As it happens, primitive Earth-based organisms possessed a profoundly important capability: they consumed the carbon dioxide of our original atmosphere using the Sun’s energy and “excreted” oxygen. That was critical to what followed. Oxygen is a very active element, and normally would be completely consumed by oxidizing atmospheric reducing gases and inorganic solids on the planet’s surface. But with the persistent and long-lasting production of oxygen exhalations and carbon dioxide consumption due to the early organisms, it accumulated in Earth’s atmosphere. We are critically dependent on this organism-polluted atmosphere.
In due course oxygen removed most of the reducing gases such as ammonia and carbon monoxide, oxidized various elements on Earth’s surface, and allowed an oxygen-rich atmosphere to form. This amazing process required a long and stable time for the primitive organisms to produce enough oxygen to oxidize most of the original atmosphere as well as a great deal of the planet’s surface solids. It is oxygen that allows us to be as active and intelligent as we are. Carbon dioxide eating organisms have low-energy metabolisms and are generally completely immobile, like trees. There are dozens more such requirements for our existence, each with a probability of less than one. The product of these many probabilities is very small.
So: has intelligent life evolved elsewhere in the universe? May be. Is it likely? Not very often, according to the above requirements, as quantified by a modified form of the Drake Equation expanded to include even more requirements than those we have considered above. In the Drake Equation, since each additional probability is less than one, each new requirement reduces the probability of whatever it is one may wish to calculate.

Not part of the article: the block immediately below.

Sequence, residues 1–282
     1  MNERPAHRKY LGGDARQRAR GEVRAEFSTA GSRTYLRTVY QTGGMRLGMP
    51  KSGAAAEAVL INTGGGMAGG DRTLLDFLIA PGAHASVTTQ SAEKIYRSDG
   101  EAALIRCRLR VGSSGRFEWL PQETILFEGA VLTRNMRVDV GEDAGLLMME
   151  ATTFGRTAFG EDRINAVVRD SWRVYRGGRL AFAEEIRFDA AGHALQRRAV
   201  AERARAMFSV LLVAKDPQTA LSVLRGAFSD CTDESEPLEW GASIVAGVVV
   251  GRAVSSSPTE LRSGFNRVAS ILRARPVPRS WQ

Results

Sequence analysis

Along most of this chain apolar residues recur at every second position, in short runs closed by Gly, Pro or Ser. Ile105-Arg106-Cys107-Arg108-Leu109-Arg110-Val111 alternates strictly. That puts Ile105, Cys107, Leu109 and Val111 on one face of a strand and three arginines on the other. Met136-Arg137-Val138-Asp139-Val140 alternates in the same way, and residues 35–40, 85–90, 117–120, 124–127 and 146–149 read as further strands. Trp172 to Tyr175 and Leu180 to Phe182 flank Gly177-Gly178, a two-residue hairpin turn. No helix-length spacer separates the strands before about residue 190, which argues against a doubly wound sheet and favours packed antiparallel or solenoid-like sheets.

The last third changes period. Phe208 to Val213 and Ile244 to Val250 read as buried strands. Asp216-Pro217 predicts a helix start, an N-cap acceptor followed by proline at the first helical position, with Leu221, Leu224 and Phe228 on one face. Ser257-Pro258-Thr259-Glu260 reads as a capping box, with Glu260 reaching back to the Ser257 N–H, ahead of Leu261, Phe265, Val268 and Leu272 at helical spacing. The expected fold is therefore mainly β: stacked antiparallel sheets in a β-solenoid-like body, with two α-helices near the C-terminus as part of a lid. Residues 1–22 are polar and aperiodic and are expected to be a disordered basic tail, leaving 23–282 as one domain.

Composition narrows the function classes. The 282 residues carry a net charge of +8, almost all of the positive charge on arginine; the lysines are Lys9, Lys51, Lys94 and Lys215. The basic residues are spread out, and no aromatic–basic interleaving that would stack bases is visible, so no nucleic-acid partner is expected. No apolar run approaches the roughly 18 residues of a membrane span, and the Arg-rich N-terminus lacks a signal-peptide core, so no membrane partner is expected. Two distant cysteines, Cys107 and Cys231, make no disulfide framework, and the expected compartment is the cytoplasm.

To add a couple more requirements, think of our magnetic field, and the continental drift that maintains a land surface we live on. These may not be present in other midsize, rocky, well-watered planets, orbiting in the goldilocks zone. And there are many more requirements, each with a fractional probability which diminishes the overall chance of intelligent life arising. A fully expanded Drake Equation has many such probabilities each requiring a property or circumstance which is essential for the development of intelligent life and each introduces a new fraction to the product of the other probabilities.
The possibilities of what may be formed spontaneously are huge, fixed, and immutable. They are circumscribed by the 26 parameters. But the probabilities that something will be formed or happen are of two kinds: those due to spontaneous events resulting from the random interactions of the 26 parameters and those we, and other intelligences, can alter using our wits and technology. This is critical to understanding if we are alone.